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Friday, 24 November, 2000, 00:08 GMT
Patients denied heart drugs
Man suffering heart attack
Using statins could prevent heart attacks
Thousands of heart attacks and strokes could be avoided each year if cholesterol-lowering drugs were given to high-risk patients.

Research from the Royal Free and University College Medical School found only 3% of those at high risk of developing heart problems were taking the drugs.

At least one-quarter of English adults have "higher than ideal" cholesterol levels, meaning they are at high risk of suffering heart disease.

Researchers said extending the use of the drugs could prevent up to 7,000 heart attacks and 2,500 strokes a year.

Low treatment rates

Data from 13,500 adults in England showed less than one-third of patients with a history of heart problems received the treatment. Only 2% of all those questioned were taking the lipid-lowering drugs.

Researchers said: "Given the huge beneficial effects of statins on cardiovascular events... it is hard to explain why the observed rates of treatment were so low".

They added that the low rate of treatment for people who had already had heart problems was 'worrisome'.

It is hard to explain why the observed rates of treatment were so low

Statins use report

Lipids are substances found in the body, including Cholesterol. Cutting lipid levels reduces cholesterol and therefore the risk of coronary heart disease.

The cost of statins means their use is currently restricted to those at highest risk, or those who have a history of coronary heart disease.

High numbers of deaths

The UK has one of the highest death rates from coronary heart disease in the world - mainly because it scores highly on the risk factors for CHD.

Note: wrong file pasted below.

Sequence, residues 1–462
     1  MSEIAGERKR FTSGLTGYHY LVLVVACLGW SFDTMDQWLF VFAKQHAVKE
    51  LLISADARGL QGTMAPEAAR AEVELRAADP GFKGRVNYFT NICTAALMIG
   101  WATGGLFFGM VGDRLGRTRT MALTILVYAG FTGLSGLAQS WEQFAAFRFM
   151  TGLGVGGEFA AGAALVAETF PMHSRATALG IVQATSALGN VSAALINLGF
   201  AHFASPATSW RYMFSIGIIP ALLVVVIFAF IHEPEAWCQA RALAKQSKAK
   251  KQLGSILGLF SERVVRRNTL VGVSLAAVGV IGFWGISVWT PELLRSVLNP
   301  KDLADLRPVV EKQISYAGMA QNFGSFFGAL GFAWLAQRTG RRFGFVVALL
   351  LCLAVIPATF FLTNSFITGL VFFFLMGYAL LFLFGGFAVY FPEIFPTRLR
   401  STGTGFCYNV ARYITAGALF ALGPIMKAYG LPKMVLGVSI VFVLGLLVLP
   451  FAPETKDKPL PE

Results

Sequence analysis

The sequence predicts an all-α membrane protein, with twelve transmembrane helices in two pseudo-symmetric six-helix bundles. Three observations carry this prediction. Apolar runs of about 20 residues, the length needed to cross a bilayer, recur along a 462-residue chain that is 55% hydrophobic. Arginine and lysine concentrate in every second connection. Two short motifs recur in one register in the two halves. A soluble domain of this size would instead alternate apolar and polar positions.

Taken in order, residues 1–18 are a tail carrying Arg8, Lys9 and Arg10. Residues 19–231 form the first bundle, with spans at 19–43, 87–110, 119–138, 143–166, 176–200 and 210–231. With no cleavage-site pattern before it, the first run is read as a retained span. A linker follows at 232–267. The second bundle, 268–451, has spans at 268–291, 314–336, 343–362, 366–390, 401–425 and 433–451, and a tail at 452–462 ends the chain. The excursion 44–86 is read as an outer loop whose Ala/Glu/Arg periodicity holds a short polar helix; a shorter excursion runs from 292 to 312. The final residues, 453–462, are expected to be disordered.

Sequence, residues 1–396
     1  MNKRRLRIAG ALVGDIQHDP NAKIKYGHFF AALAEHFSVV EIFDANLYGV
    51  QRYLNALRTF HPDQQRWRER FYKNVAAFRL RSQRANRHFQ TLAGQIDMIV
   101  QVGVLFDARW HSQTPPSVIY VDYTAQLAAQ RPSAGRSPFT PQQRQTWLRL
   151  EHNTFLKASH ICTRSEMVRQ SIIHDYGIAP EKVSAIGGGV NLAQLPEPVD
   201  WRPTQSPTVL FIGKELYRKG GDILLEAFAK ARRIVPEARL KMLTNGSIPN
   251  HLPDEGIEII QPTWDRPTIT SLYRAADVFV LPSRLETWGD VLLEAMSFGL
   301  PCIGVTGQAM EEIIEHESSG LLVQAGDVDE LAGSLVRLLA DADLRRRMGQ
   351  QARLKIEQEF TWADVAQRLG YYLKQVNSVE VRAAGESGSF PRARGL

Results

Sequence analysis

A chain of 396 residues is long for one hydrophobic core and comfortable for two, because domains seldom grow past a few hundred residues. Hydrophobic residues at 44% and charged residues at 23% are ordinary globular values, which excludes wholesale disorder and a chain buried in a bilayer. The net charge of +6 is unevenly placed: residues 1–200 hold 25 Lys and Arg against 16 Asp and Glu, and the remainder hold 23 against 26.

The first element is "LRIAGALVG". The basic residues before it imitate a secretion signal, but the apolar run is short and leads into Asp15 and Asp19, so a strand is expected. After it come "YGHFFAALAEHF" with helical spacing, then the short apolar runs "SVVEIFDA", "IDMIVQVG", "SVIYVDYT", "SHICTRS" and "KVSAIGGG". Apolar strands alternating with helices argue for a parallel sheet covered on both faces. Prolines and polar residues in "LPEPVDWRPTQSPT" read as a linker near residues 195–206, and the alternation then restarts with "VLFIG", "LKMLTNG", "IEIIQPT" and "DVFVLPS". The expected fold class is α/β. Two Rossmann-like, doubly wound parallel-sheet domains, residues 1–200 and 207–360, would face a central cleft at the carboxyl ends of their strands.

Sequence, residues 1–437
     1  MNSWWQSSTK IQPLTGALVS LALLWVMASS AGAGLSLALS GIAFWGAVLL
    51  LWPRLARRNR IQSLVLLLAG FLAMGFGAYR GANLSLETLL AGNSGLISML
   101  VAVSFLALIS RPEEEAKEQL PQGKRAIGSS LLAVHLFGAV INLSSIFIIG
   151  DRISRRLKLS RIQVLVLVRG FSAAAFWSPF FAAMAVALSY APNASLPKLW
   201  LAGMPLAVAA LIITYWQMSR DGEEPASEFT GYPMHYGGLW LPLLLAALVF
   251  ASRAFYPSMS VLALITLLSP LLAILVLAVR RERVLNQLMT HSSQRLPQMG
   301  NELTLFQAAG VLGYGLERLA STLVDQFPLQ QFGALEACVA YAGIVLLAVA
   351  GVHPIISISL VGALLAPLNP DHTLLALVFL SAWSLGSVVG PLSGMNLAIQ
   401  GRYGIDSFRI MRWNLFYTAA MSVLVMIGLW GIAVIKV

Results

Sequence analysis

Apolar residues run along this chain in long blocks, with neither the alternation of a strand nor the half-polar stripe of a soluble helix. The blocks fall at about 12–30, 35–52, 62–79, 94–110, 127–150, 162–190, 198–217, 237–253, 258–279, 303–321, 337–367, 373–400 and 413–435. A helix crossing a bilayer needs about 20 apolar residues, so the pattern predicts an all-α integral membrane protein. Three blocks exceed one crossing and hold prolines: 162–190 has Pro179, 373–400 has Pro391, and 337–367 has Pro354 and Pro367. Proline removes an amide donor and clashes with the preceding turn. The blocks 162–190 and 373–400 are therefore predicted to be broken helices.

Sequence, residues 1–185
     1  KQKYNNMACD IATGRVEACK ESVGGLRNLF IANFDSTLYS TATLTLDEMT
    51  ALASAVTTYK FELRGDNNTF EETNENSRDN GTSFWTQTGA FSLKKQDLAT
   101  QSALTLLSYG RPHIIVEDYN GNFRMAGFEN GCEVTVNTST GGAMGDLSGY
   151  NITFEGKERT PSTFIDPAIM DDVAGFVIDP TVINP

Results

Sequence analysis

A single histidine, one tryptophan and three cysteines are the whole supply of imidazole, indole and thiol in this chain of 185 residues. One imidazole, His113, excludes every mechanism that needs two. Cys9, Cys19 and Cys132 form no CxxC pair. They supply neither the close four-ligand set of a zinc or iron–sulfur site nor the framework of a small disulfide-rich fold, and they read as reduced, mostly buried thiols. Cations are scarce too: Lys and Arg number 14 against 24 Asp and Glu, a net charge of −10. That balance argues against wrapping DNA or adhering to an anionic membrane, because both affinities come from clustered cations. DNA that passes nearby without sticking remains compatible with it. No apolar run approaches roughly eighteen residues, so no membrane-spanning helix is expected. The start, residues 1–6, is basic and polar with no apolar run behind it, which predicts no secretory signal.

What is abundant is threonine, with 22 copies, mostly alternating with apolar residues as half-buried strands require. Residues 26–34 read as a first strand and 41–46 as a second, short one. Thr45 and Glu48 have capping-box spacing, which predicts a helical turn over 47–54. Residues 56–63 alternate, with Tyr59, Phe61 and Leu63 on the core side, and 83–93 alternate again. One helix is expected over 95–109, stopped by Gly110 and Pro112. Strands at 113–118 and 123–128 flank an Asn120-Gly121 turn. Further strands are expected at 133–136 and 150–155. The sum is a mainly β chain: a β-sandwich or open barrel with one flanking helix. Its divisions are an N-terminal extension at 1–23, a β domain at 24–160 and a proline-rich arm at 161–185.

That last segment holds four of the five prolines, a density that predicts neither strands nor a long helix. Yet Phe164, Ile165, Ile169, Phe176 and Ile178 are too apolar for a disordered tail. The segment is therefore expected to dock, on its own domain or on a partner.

Smoking, high blood pressure and diabetes can mean people are more at risk of heart disease.

Researchers said they found it hard to explain why use of the statins was so low when there was so much evidence of their benefits.


Report author Paola Primatesta said research showed people who had a coronary event, or were at high risk could benefit from the drugs: "These people should be receiving treatment to lower their cholesterol. A larger proportion of the population could benefit."

She said the numbers receiving statins were increasing and that the new guidance, introduced in March this year, should extend their use.

Patients with a high risk of heart attack should be offered this important method of protection

British Heart Foundation

A spokeswoman for the British Heart Foundation said: "Statins not only decrease blood cholesterol levels but also appear to reduce inflammation of the lining of the arteries - therefore patients with a high risk of heart attack should be offered this important method of protection.

"There may be cost considerations associated with these findings - but the research also highlights a greater need to ensure that patients at high risk of CHD are screened, treated, advised on lifestyle changes and followed up with a co-ordinated service."

The research is published in the British Medical Journal.

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